New ROLAND 700 DirectDrive Press Receives InterTech Technology Award
Press release from the issuing company
July 23, 2007 -- The industry’s newest sheetfed press has captured the graphic arts’ most prestigious productivity prize. The new ROLAND 700 DirectDrive press is the recipient of a 2007 InterTech? Technology Award from the Printing Industries of America/Graphic Arts Technical Foundation.
The award is MAN Roland’s sixth in the last thirteen years — a reflection on the company’s leadership in advancing press technology. In 1994, the premiere version of the ROLAND 700 was the winner. In 2001, DICOweb technology took home the honor. PECOM/printnet press control automation was recognized with an InterTech Award in 2002. TelePresence remote diagnostics received the award in 2005. And last year, InlineFoiler PRINDOR was given an InterTech Award.
In developing its latest InterTech-worthy advancement, MAN Roland applied a significant measure of its industry-leading web technology, creating the world’s first sheetfed press with direct drive technology to improve pressroom productivity. The device enables sheetfed pressrooms to cut their makereadies by as much as 60%.
“The more short-run work a printer encounters, the faster his makereadies need to be,” said Vince Lapinski, CEO of MAN Roland Inc. “The speed of their makereadies in large part determines their profit margins. That’s what makes DirectDrive’s ability to reduce job-to-job intervals so valuable in today’s media marketplace.”
As its name indicates, DirectDrive equips each printing unit’s plate cylinder with its own high torque motor, controlled by MAN Roland’s printnet digital press operating system. Isolating the plate cylinder from the press’ main drive allows a number of time-consuming makeready chores to be completed simultaneously. Example: all of the plates can be changed on the ROLAND 700 DirectDrive at the same time, while wash-up takes place, effectively resulting in zero plate-changing time.
That makes the ROLAND 700 DirectDrive ideal for short-run high-performance printers. These are facilities that have to makeready and print over ten jobs per shift, with average run lengths below 5,000 sheets per job. To be competitive, they have to drive costs out of their workflows. DirectDrive lets them achieve major savings by essentially taking the time it takes to plate the press out of the production process.
A second application sector for the ROLAND 700 DirectDrive consists of facilities that run long perfectors with 8, 10 and 12 printing units, which produce a high volume of perfecting work. It can reduce their makeready time by as much as 60 percent.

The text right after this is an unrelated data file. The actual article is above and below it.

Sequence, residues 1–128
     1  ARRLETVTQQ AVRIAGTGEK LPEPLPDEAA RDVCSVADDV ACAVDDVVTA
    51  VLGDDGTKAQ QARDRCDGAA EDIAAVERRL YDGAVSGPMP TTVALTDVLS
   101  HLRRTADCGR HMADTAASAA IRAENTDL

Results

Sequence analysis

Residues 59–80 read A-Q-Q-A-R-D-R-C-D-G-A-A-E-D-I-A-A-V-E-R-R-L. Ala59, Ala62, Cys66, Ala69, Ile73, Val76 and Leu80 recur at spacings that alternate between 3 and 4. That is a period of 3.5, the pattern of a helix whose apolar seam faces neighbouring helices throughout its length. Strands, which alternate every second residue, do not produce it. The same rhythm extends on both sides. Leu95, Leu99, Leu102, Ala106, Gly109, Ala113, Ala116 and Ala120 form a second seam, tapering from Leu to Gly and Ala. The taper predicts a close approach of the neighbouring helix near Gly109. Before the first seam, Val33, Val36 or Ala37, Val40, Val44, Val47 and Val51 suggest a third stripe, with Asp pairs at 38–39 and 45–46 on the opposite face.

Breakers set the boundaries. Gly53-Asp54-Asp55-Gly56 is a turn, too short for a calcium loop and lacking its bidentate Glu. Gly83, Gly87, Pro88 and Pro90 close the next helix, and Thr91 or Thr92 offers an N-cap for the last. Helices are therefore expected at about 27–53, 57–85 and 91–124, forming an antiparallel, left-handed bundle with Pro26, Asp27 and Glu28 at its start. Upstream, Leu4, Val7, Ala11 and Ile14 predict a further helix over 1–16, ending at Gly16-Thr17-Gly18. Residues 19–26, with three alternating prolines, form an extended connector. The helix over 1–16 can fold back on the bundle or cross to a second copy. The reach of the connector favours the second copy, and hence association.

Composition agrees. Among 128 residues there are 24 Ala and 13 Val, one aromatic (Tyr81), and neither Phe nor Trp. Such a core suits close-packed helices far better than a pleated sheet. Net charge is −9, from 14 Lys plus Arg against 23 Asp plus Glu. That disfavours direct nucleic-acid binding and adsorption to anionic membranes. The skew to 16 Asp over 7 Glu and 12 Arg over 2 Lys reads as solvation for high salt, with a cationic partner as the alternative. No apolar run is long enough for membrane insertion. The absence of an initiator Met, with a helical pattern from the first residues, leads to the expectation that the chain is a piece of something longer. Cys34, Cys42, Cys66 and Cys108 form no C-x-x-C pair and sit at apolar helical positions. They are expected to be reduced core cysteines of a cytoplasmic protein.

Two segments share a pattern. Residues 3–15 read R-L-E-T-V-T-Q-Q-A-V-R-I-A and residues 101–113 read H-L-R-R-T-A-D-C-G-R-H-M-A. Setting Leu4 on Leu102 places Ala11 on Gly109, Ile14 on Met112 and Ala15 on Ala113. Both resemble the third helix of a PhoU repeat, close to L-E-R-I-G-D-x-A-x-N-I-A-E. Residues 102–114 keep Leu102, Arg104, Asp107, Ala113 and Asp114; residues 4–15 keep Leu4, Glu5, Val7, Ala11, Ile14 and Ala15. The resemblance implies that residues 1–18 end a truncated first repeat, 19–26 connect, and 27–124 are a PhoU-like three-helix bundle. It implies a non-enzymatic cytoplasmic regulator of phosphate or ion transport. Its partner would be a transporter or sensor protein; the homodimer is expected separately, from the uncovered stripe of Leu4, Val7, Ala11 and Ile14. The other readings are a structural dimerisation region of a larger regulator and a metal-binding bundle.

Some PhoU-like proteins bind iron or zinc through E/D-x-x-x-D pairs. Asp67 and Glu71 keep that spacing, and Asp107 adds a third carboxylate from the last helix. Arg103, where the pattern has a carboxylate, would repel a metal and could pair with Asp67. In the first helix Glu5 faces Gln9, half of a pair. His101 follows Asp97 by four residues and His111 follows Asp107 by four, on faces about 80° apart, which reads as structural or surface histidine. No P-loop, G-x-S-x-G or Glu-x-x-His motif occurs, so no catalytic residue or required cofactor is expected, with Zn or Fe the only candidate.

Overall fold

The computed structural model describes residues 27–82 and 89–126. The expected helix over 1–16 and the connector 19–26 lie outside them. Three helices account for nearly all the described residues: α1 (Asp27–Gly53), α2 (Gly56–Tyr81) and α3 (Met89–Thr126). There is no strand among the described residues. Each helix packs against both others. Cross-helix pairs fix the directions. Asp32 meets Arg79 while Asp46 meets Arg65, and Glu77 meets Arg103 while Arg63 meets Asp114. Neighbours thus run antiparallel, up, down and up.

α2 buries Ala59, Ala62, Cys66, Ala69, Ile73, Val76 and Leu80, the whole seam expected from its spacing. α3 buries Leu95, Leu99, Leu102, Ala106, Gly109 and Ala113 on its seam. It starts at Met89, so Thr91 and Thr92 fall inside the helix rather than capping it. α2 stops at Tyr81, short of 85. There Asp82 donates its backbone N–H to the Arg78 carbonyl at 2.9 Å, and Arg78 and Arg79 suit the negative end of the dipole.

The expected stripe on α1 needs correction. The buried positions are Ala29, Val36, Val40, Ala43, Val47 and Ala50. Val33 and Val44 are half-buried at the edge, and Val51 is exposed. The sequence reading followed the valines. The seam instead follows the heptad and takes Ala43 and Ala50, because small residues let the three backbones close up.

The mechanical isolation of the plate cylinder also endows a sheetfed press with 360° circumferential register. That enables a ROLAND 700 DirectDrive to accept printing plates created for presses built by different manufacturers. The advantage: unprecedented job flexibility for facilities running a variety of models.
A prototype DirectDrive unit was demonstrated at drupa 2004. Since then, several ROLAND 700 DirectDrive presses have been installed at beta sites throughout Europe, where they continue to impress printers and their customers with their ability to speed from job-to-job.
A package printing facility has this to say of DirectDrive’s value: “Shorter runs are becoming more common in the package printing industry, as manufacturers try to give their products diverse looks to appeal to diverse market segments. This is especially true in the luxury sector in which we operate. The rapid makereadies provided by DirectDrive equip us to more cost effectively meet those short run, fast turnaround demands. That, in turn, increases our customer satisfaction levels.”
Another beta site, a commercial printer, reported similar success with a perfecting ROLAND 700 DirectDrive press: “With the addition of DirectDrive, a 12-unit perfector is as nimble as a Porsche and as powerful as an MAN tractor-trailer truck. By extending the performance range of the ROLAND 700, DirectDrive equips the press to be more useful for more applications. That makes this press more popular with our customers.”
MAN Roland’s Vince Lapinski said it’s important that the industry embrace technology that adds to print’s value as a communications channel. “DirectDrive combines digital technology with mechanical advancements to raise the productive potential of sheetfed printers to a new level,” he said. “We applaud PIA/GATF for recognizing DirectDrive’s power to make print a more responsive and more cost effective medium.”
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